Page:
DVM, MPH, PhD
Assistant Dean of Students. Assistant Professor of Virology
Veterinary Virology, Clinical Skills 1, Clinical Skills 3, Ethics & Communication
Ben Stading, DVM, MPH, PhD received his bachelor's degree in Ecology, Evolution, and Behavior from the University of Minnesota in 2003, followed by an internship in zoo husbandry. He went on to obtain his Doctorate in Veterinary Medicine from the University of Wisconsin in 2008, and the following year completed his Master’s in Public Health through a dual degree program in Wisconsin. He subsequently went into small animal practice in the Tampa area of Florida for two years, before returning to the University of Wisconsin to start a PhD program focused on virology and immunology. His research involved the development of oral vaccines for topical use in free-ranging bats, developing novel rabies vaccine biologics, and assessing protective immunity against white-nose syndrome in bats. He became actively involved in bat conservation during this time, and regularly gave educational talks to the public. After completing his PhD in 2017, he spent two more years in small animal practice and then joined the SMU team.
Dr. Stading’s professional interests include infectious diseases, wildlife health, veterinary public health and one-health medicine, and small animal clinical practice.
Dr. Stading is also involved in local wildlife health projects.
- Morris Animal Foundation Fellowship 2014-2016
- FWS response to WNS competitive grants 2014-2016
- NIH funded Comparative Biomedical Sciences T32 Training Grant 2011-2014
- Biological Sciences Scholar Award 2011
Paul-Murphy, J. R., Sladky, K. K., Krugner-Higby, L. A., Stading, B. R., Klauer, J. M., Keuler, N. S., Brown, C. S., & Heath, T. D. (2009). Analgesic effects of carprofen and liposome-encapsulated butorphanol tartrate in Hispaniolan parrots (Amazona ventralis) with experimentally induced arthritis. American Journal of Veterinary Research, 70(10). https://doi.org/10.2460/ajvr.70.10.1201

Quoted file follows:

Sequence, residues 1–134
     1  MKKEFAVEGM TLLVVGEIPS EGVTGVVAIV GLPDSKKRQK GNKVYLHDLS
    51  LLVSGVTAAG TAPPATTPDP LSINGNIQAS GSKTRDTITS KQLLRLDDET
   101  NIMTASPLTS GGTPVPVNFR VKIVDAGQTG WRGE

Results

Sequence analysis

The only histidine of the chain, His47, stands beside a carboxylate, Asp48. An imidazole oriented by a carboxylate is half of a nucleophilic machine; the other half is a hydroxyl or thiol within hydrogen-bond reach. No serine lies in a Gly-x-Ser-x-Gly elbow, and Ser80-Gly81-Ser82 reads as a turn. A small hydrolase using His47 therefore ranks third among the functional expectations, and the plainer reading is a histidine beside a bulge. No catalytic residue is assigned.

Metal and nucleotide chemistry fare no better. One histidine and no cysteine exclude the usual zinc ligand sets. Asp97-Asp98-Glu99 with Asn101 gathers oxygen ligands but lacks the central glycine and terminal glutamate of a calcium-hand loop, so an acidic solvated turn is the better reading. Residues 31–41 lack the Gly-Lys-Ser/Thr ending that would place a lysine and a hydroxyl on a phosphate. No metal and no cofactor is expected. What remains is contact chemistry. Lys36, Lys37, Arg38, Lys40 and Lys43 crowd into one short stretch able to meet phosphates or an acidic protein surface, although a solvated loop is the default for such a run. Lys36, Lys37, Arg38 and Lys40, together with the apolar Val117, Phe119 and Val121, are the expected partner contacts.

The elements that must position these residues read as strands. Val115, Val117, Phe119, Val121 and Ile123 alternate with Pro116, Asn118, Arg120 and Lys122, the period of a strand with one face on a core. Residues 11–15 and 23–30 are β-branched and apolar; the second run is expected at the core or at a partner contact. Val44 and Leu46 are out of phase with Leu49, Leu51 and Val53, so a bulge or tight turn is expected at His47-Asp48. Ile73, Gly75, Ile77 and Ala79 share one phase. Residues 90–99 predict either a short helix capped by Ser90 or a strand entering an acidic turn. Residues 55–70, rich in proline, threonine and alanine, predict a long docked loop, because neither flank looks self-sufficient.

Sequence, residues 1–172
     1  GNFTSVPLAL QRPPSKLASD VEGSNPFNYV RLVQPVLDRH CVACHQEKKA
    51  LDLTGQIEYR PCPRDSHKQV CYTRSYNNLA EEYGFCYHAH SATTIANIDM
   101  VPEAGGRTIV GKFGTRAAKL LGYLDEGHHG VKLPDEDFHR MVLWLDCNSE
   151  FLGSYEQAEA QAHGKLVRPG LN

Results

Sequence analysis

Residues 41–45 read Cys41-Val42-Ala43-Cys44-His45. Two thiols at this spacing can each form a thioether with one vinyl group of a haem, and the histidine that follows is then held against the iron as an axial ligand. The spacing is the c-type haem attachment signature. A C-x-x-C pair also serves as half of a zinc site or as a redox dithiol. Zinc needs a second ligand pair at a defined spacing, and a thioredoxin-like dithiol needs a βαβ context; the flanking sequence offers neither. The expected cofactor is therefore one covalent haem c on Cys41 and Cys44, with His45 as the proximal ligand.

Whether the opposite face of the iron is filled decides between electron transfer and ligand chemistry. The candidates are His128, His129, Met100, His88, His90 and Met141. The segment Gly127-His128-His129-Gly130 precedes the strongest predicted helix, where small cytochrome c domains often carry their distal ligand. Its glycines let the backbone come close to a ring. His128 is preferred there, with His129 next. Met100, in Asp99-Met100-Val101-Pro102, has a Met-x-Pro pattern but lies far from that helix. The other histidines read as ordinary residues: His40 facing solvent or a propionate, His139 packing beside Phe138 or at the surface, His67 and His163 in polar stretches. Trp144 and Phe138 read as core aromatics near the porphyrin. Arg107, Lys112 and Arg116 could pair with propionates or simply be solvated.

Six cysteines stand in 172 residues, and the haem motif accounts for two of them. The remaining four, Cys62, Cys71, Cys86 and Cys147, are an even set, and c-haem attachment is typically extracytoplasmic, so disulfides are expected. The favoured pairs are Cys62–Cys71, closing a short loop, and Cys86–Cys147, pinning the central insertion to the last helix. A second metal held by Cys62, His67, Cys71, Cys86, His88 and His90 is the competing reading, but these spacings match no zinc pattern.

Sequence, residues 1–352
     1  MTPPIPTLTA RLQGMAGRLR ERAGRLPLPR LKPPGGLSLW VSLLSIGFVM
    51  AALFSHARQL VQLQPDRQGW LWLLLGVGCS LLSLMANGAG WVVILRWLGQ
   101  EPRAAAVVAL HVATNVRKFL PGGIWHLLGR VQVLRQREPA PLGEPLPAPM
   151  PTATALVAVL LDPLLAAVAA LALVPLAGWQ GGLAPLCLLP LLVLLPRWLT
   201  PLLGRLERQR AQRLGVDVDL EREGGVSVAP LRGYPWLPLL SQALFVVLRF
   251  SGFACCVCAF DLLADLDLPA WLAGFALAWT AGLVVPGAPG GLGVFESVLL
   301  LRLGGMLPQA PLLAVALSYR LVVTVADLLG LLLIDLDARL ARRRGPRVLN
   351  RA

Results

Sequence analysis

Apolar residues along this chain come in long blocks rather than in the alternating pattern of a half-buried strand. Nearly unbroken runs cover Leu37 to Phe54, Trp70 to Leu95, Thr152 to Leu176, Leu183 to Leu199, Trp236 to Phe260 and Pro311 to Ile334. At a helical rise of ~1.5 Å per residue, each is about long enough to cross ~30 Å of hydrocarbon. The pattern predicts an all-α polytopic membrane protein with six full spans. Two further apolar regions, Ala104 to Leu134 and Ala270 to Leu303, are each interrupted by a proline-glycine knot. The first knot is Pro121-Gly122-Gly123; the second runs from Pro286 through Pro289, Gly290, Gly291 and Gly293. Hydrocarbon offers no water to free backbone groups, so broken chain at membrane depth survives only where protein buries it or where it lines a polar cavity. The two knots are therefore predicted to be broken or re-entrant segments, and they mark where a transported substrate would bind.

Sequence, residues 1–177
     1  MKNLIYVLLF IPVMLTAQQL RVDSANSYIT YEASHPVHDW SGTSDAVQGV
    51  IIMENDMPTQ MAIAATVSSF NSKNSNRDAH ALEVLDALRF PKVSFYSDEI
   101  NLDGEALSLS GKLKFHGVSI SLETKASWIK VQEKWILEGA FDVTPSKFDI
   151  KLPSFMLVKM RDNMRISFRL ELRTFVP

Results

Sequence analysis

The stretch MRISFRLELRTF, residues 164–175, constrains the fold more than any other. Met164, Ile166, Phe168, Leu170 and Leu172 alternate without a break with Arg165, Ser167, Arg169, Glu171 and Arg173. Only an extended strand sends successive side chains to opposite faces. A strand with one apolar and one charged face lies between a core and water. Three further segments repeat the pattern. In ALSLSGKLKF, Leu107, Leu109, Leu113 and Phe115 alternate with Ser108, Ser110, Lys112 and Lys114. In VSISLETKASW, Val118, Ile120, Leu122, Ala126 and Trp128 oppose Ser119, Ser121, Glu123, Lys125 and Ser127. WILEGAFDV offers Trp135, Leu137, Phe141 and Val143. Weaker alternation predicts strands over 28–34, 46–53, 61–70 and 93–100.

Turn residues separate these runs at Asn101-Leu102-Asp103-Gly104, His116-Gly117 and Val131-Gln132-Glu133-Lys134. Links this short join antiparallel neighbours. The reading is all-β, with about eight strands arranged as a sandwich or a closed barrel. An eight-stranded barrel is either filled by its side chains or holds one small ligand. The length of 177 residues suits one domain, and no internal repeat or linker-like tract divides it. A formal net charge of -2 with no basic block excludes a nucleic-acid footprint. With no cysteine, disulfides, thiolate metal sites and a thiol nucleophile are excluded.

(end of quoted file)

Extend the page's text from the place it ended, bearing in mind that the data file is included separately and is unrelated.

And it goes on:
Stading, B. R., & Gamble, K. C. (2011). Clinical challenge - Gastrolithiasis in an alpaca. Journal of Zoo and Wildlife Medicine, 42(3). https://doi.org/10.1638/2010-0085.1
Gamble, K.C., and M.M. Clancy (eds). Infectious Diseases of Concern to Captive and Free Ranging Animals in North America, 2nd ed. 2013. Infectious Disease Committee, American Association of Zoo Veterinarians, Yulee, Florida. 1098 pp. Website address: http://www.aazv.org/?page=IDM2013
Stading, B. R., Osorio, J. E., Velasco-Villa, A., Smotherman, M., Kingstad-Bakke, B., & Rocke, T. E. (2016). Infectivity of attenuated poxvirus vaccine vectors and immunogenicity of a raccoonpox vectored rabies vaccine in the Brazilian Free-tailed bat (Tadarida brasiliensis). Vaccine. https://doi.org/10.1016/j.vaccine.2016.08.088
Verant, M. L., Meteyer, C. U., Stading, B., & Blehert, D. S. (2018). Experimental Infection of Tadarida brasiliensis with Pseudogymnoascus destructans , the Fungus That Causes White-Nose Syndrome. MSphere, 3(4). https://doi.org/10.1128/msphere.00250-18Rocke, T. E., Kingstad-Bakke, B., Wüthrich, M., Stading, B., Abbott, R. C., Isidoro-Ayza, M., Dobson, H. E., dos Santos Dias, L., Galles, K., Lankton, J. S., Falendysz, E. A., Lorch, J. M., Fites, J. S., Lopera-Madrid, J., White, J. P., Klein, B., & Osorio, J. E. (2019). Virally-vectored vaccine candidates against white-nose syndrome induce anti-fungal immune response in little brown bats (Myotis lucifugus). Scientific Reports, 9(1). https://doi.org/10.1038/s41598-019-43210-w
Novel diseases of wildlife, Rabies, White-nose Syndrome
- 2013 Wildlife Disease Conference - Spoke on bat vaccine research
- Runner-up for student speaking award
- 2013 White-nose Syndrome and Wildlife Disease Forum - Spoke on bat vaccine research
- 2014 Infectious Diseases of Bats Symposium - Presented poster on bat vaccine research
- 2014-2016 Annual Wisconsin Bat Festival - Presented bat research to a lay audience